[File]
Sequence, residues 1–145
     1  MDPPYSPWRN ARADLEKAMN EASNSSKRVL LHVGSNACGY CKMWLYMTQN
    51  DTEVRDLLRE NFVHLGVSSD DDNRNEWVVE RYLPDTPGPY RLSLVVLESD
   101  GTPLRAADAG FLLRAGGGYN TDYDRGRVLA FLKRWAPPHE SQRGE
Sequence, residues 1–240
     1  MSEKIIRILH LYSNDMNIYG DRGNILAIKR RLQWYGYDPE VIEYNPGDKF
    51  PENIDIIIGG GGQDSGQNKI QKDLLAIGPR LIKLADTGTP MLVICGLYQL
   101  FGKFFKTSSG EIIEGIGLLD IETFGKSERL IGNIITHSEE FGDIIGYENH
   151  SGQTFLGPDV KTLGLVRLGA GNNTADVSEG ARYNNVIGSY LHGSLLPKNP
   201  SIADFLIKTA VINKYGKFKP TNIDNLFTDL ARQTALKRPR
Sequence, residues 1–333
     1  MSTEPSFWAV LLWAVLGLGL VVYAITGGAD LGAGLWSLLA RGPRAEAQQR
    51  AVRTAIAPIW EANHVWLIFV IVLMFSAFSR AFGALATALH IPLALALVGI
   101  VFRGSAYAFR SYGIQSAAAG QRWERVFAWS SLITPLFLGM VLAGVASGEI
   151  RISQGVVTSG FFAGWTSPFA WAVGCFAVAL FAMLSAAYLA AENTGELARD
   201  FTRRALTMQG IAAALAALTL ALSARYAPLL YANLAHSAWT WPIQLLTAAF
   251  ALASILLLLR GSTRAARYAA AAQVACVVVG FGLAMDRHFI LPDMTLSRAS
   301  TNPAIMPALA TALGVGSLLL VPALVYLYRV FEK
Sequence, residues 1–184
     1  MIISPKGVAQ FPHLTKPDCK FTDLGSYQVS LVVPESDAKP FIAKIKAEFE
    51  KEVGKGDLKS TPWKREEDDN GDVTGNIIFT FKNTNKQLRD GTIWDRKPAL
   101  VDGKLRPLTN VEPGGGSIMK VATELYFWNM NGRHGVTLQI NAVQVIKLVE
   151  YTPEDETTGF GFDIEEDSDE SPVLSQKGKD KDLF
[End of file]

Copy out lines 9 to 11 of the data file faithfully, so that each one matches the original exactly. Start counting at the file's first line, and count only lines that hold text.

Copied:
   151  SGQTFLGPDV KTLGLVRLGA GNNTADVSEG ARYNNVIGSY LHGSLLPKNP
   201  SIADFLIKTA VINKYGKFKP TNIDNLFTDL ARQTALKRPR
Sequence, residues 1–333